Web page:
Janice Cliff is in shock.

A piece of Dawson City’s art heritage has been sold, torn up and trucked out.

Cliff is not alone; many residents can’t believe their community has lost the work of an internationally renowned artist.

Dawson City used to have a subway entrance, a stairway down to a gate with nothing beyond it. Built by German artist Martin Kippenberger, it was part of his conception of a worldwide metro system.

How did it land in the Yukon?

Reinald Nohal became a close friend to Kippenberger in the 70s in Berlin. The two took divergent paths but kept in touch.

Nohal settled in Dawson, where he built wooden houses, and Kippenberger became an eccentric artist.

Wikipedia describes Kippenberger as a German artist “known for his extremely prolific output in a dizzying range of styles and media as well as his provocative, jocular and hard-drinking public persona”. It was this self-destructive lifestyle that led to his death in 1997 at the age of 44.

When Kippenberger came up with his idea of a worldwide metro system, Nohal happened to be with him. The first subway station was built on the Greek island of Syros, following Nohal’s design and construction plans.

Kippenberger then commissioned Nohal to build another one in the Yukon. Instead of using concrete, as he had in Greece, Nohal used familiar local materials: he constructed the Dawson Subway to Nowhere out of logs and wooden planks.

Nohal is proud of bringing Kippenberger here. He arrived accompanied by an entourage: a gallery representative and a photographer who took pictures of the artist in the tailing ponds.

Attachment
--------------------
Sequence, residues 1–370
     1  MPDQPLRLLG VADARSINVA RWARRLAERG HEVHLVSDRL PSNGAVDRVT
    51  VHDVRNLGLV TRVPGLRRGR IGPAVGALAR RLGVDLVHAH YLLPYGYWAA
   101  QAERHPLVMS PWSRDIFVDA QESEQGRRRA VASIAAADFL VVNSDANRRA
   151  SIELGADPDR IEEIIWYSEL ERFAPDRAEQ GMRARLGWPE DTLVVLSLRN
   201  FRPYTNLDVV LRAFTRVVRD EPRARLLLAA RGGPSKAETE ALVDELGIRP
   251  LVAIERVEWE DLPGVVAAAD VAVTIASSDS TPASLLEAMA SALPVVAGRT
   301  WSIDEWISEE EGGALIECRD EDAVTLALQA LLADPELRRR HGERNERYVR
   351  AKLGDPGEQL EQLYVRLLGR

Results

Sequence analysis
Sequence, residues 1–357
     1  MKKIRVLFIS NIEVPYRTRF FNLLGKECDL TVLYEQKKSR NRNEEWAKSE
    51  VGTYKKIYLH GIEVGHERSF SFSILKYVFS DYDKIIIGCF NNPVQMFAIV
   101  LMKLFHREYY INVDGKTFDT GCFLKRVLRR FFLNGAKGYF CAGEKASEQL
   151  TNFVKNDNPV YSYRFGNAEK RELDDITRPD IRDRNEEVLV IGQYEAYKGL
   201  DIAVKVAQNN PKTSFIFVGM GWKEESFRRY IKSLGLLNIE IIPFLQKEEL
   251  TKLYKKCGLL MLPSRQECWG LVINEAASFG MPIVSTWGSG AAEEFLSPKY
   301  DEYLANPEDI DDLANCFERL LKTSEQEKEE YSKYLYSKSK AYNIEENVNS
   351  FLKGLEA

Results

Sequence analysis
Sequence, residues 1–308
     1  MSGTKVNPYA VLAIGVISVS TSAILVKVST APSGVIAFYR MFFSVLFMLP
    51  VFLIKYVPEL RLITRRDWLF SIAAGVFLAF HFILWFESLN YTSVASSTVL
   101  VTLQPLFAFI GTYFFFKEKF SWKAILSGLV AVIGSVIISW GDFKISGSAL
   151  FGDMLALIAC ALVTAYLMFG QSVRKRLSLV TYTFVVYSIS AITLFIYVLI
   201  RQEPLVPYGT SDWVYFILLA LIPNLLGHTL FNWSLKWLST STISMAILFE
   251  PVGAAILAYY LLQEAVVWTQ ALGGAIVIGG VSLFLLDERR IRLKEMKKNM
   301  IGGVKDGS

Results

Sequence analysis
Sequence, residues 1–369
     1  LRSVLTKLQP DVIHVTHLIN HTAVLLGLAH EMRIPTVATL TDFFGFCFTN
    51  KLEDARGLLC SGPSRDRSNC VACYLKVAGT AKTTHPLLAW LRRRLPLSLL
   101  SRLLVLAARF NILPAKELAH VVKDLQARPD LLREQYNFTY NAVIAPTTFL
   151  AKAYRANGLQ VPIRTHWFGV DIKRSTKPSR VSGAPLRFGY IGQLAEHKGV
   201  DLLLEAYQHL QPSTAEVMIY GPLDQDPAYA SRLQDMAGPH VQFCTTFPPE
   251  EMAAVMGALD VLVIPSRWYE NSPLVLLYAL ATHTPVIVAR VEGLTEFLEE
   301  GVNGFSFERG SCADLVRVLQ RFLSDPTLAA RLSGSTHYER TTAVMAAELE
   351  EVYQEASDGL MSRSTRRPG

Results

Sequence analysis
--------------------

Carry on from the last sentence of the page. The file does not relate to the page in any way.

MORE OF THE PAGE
“The opening party in 1995, with Martin cutting the red ribbon … is well remembered in Dawson,” says Nohal. Indeed, it made a huge impression on the young Janice Cliff, who made a video documentation of the installation.

Cliff remembers the opening well: the ribbon cutting was followed by a party at The Pit, the Westminster Hotel’s notorious watering hole. “I had no idea who Kippenberger was, his career and the extent of the movement he was following. I was totally intrigued by the concept of the subway …

“To be connected with a global concept – I don’t think anyone in Dawson understood it.”

Kippenberger arrived for the opening wearing a long trench coat and a fedora. He was an enigma who took advantage of everything Dawson had to offer, says Cliff. “A piece of his nose was missing.”

After the ribbon-cutting and much drinking, Kippenberger drew portraits of the patrons on stationery. He urged people to keep the sketches because, someday, he promised, they would be worth a lot of money.

It may be true, and Cliff has kept hers. The subway, however, is gone from Dawson for good. According to Nohal, “The subway station will be placed in or at a museum in the U.S., exactly where (New York City? Seattle?) has not been decided yet.”

The rumour is that when Reinald Nohal held the 10th anniversary celebration in 2006, he sold the station to a New York art rep who owns quite a few Kippenberg pieces. Also rumoured is that the sale price was over a million dollars. This community has perhaps learned about the non-monetary value of art, while it laments the loss of a legend.